Marcel Kittel compared winning on The Mall to triumphing on the Champs-Elysees as the German's Tour de France sprint supremacy continued in London.
Kittel (Giant-Shimano) won a second stage in three attempts on UK soil as the Tour's excursion across The Channel concluded following a hugely successful Grand Depart in Yorkshire.
The powerful German was brilliantly delivered by his team in front of Buckingham Palace to claim a sixth stage win in two editions of the Tour.
"Emotionally, this win is close to the one I got on the Champs-Elysees in Paris last year," Kittel said.
"Winning on The Mall, that's what I dreamed of but, even though I had a good chance to make it come true, it's not something I could take for granted.
"It's really fantastic to win here. On the finishing line, the crowd was fantastic. I love the atmosphere."
The 155-kilometre route from Cambridge was the third and final stage on UK soil ahead of the race's return to France and was always destined to end in a sprint finish.
The peloton raced near Mark Cavendish's Essex home, but the partisan crowd were deprived of the 25-times stage winner's presence by his withdrawal with a shoulder injury sustained on stage one in Harrogate.
Kittel won four stages to Cavendish's two in the 2013 Tour and, in a Regal setting, once again proved he is the current sprint king, with Peter Sagan (Cannondale) second and Cavendish's Omega Pharma-QuickStep team-mate Mark Renshaw third.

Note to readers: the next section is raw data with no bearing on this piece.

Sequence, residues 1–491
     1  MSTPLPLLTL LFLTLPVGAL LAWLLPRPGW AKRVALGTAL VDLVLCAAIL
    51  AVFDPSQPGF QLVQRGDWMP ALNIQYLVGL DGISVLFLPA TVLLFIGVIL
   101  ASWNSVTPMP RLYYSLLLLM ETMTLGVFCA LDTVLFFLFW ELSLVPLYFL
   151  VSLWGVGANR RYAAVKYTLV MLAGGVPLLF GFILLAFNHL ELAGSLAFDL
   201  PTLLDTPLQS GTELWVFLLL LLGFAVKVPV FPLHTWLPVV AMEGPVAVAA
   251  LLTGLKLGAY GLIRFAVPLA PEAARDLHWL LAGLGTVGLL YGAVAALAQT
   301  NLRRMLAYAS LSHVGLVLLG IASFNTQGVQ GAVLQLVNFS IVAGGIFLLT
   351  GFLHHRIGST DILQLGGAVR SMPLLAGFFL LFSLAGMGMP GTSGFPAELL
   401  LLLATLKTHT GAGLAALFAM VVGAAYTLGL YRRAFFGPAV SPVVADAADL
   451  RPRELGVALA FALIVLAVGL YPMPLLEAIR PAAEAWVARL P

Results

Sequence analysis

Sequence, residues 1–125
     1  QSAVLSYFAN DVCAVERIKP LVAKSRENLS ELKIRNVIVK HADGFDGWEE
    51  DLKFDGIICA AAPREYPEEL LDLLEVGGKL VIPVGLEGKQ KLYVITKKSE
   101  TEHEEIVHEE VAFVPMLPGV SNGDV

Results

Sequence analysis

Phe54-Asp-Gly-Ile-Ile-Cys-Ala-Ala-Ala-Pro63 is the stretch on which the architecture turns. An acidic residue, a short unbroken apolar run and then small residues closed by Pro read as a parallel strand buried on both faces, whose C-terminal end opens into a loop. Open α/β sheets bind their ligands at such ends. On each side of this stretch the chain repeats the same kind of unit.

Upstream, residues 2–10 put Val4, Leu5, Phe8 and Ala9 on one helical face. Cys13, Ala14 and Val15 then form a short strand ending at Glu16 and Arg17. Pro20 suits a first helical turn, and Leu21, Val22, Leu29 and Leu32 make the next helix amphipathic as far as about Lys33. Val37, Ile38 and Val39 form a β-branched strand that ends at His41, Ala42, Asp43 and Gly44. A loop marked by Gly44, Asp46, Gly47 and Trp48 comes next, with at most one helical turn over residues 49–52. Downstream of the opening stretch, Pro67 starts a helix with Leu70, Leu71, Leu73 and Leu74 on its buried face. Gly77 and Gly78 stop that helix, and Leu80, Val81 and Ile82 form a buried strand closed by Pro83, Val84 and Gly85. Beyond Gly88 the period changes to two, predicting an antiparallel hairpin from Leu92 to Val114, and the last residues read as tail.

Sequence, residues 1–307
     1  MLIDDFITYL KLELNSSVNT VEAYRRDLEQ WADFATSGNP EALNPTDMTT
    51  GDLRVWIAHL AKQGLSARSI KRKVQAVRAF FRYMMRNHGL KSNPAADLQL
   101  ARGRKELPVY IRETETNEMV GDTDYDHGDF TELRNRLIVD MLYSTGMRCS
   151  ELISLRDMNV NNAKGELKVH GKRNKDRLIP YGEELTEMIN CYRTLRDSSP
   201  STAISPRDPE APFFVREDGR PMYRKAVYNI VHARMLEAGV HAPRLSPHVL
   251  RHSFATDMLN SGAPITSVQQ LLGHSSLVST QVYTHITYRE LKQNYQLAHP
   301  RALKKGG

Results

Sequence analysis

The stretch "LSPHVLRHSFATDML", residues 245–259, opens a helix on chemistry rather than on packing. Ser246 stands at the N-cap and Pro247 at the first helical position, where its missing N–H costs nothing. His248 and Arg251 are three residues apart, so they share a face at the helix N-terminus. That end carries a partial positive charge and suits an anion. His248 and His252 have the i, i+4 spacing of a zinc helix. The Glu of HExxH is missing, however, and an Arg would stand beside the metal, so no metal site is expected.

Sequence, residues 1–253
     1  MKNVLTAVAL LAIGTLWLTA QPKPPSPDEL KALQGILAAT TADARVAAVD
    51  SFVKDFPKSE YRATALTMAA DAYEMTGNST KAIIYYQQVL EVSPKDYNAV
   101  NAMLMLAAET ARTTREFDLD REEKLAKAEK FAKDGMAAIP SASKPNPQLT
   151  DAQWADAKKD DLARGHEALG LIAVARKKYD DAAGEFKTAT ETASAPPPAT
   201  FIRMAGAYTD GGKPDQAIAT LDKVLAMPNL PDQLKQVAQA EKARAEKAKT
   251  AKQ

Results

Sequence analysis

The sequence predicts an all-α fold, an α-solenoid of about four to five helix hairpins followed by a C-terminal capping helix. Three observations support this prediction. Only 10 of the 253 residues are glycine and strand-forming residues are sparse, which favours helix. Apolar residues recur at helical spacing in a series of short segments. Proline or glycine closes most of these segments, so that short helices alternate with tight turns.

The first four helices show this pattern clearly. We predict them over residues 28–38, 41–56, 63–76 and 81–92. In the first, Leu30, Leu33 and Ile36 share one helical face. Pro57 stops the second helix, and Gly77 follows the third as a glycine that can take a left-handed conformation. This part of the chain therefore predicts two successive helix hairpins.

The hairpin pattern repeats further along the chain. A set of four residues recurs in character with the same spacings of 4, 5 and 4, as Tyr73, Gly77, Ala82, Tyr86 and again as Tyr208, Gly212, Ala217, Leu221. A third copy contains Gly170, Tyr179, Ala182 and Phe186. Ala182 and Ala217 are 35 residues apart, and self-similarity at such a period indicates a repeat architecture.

Italian Vincenzo Nibali (Astana), who won in Sheffield on day two, finished safely in the bunch to retain the overall leader's yellow jersey, with defending champion Chris Froome (Team Sky) fifth overall.
After glorious weather in Yorkshire, the first rainfall of the race arrived after the riders passed by the Olympic Park in east London.
The day's breakaway pair – NetApp-Endura's Jan Barta and Jean-Marc Bideau (Bretagne-Seche Environnement) – were swept up in the final 6km and Kittel's Giant-Shimano squad led through Parliament Square and along Birdcage Walk.
Andre Greipel's Lotto-Belisol squad took to the front outside Buckingham Palace, but then Kittel's team-mates took over once more and no one could match the German's power.
"This was one of the fastest sprints I've ever done," Kittel added.
"My job was 500 metres long but the biggest fight was already over. My boys had done a great job before that."
Cavendish will not be able to challenge his rival after crashing out in pursuit of a first yellow jersey of his career in his mother's home town.
It means that, for the first time since voluntarily exiting the 2008 Tour to prepare for the Beijing Olympics, Cavendish will not reach Paris, where the race concludes on July 27.
He will undergo shoulder surgery tomorrow and faces around six weeks out following his Tour de France-ending crash on stage one in Harrogate last Saturday.
The 29-year-old from the Isle of Man ruptured all of the ligaments surrounding his acromioclavicular joint and also suffered a separated shoulder, his Omega Pharma-QuickStep team has confirmed.